OFT To Crackdown On In-App Purchases

The Office of Fair Trading (OFT) has threatened action against the makers of games and apps that show evidence of “potentially unfair and aggressive commercial practices”.

One of the worst examples seen by the OFT involved a game where the player was made to feel bad by telling them a virtual animal was “ill” but could be cured by an in-app purchase.


Other areas of concern included blurring the distinction between spending in-game currency and real money and a general lack of transparent, accurate and clear upfront information about costs.

“I don’t think children are always aware that when they click ‘yes’ it’s spending money,” Cavendish Elithorn, executive director at the OFT, told the BBC.

TIGA’s chief executive, Richard Wilson, has said that the UK is leading the way in addressing these issues. United Kingdom Interactive Entertainment (Ukie)  chief executive, Jo Twist, has also commented on the report.

“It is vital that any final guidelines, whilst primarily considering the best interests of children, do not inadvertently isolate UK consumers from accessing the games that they want to play, stifle the creativity of games developers or prevent the growth of the UK games industry,” she said.

The OFT has invited interested parties to comment on its principles by mid November and intends to publish a final guidelines by February with enforcement action beginning in April 2014.

The rather large flaw on the OFT’s plan is that they can only admonish companies based in the U.K.

Source: BBC / OFT




  1. I’m a parent and let me just say this – It is not my responsibility to look after my child on-line. I let my son play all the time on my Nexus tablet using my account (I can’t be bothered to set up an account for him which doesn’t have credit card information logged against it, why should I?!), let him have my password (it’s the same password to both to access my account and make purchases) and never check or go through the settings options to restrict content. The Government should be looking after my child by doing something to stop in-app purchases because I’m too [email protected]@cking lazy!

    • Lmao! Agreed! :-p

    • By the way, before any of you come criticizing me with your high morals, let me tell you that I’ve done my parenting for the day! I’ve packed my son’s lunch box with a selection of Jacob’s Club bar fruit (one of his five a day!), some Sunny D, Dairylee Lunchables and 2 Mars bars for energy.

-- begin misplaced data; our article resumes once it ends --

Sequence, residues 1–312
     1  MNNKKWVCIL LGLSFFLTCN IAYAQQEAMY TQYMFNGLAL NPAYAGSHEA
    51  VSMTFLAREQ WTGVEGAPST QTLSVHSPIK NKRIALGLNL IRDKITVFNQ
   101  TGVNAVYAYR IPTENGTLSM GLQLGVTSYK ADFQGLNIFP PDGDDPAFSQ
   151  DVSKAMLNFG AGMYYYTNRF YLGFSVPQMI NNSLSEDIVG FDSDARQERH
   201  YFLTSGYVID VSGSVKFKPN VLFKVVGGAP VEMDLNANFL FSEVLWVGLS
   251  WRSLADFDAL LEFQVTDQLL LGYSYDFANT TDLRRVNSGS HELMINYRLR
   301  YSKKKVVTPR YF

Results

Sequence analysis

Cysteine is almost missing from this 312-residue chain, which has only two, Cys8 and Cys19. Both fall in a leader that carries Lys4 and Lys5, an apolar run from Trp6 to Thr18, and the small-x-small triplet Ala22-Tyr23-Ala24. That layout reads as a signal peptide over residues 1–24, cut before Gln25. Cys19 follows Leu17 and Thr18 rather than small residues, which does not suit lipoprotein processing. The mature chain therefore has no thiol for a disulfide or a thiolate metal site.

Oh, and I set standards as well – If he gets a gold star today I’ll get him GTA V to play on his xbox he has in his bedroom.

      • Xbox? You are the worst kind of parent.

        *calls RSPCC*

    • Haha, perfect. For a second I thought you were serious.
      One thing, though. I had my own gaming consoles in my room since I was around 8 and I turned out just fine (my fiancé probably disagrees…). :P

  2. “I don’t think children are always aware that when they click ‘yes’ it’s spending money,” Cavendish Elithorn, executive director at the OFT, told the BBC. – Of course children don’t always realize this, they are children, young people who know nothing at birth and learn as they go along and rely to a certain extent on their parents to educate them… and that’s where the flaw is, parents educating their children.

    Instead of the OFT looking in to this and taking a ‘we must kerb this type of transaction’, they should look instead at the state of the parents who own devices and look to educate them on the pitfalls and traps, and then impress upon the parents that it is their responsibility to look after their own children.

    • Good luck with that.

      • Hmmm, on second thoughts, my strategy seems like it might be a little too difficult and might incur the wrath of some chavvy parents. Best the OFT stick with their persecution of commercial companies, a much easier target.

  3. They should look at the amount some of these companies charge for what is essentailly a consumable. I mean £70 for some virtually donoughts to spend in tapped out is just ludicrous.

    • I accept some games do charge quite a lot for in-app stuff but games cost a lot of money to develop.
      Ultimately this is a parenting problem.

    • Why should ‘they’ look it to prices charged? It’s a market economy and the customer will pay, or not pay, for an item after reviewing the price. It’s the customer’s own choice whether to pay £70 for some virtual doughnuts. Are you proposing a more Ed Milliband style of socialist intervention in the market by government? How do you think businesses will react to that? I take it that you don’t run your own business.

  4. Given the huge amount of freemium games about they’ll be very busy checking them all. Maybe they should look at EA’s full price “legacy” editions whilst they’re at it.

  5. About time. We are talking about ‘Fair Trading’ here after all and clearly it in many cases it really isn’t.

    • Oh this is too tempting. Please tell me what isn’t fair, a specific example please…

      • The example given above about the virtual animals for a mutual start.

        I’m sure you can debate the whole parent thing, but fact is tablets are increasingly attractive to children, and some games are arguably aimed at them as a demographic. So ‘fair’ where children are concerned is a different type of fair with adults.

        But I’m seriously not going to argue it further as everyone’s measure of ‘fair’ is I’m sure, and most unfortunately, different. Not to mention you seem intent on arguing against most comments above as well as with OFT.

  6. Educate the parents, who should then educate their children. There wouldn’t be half as much trouble then.

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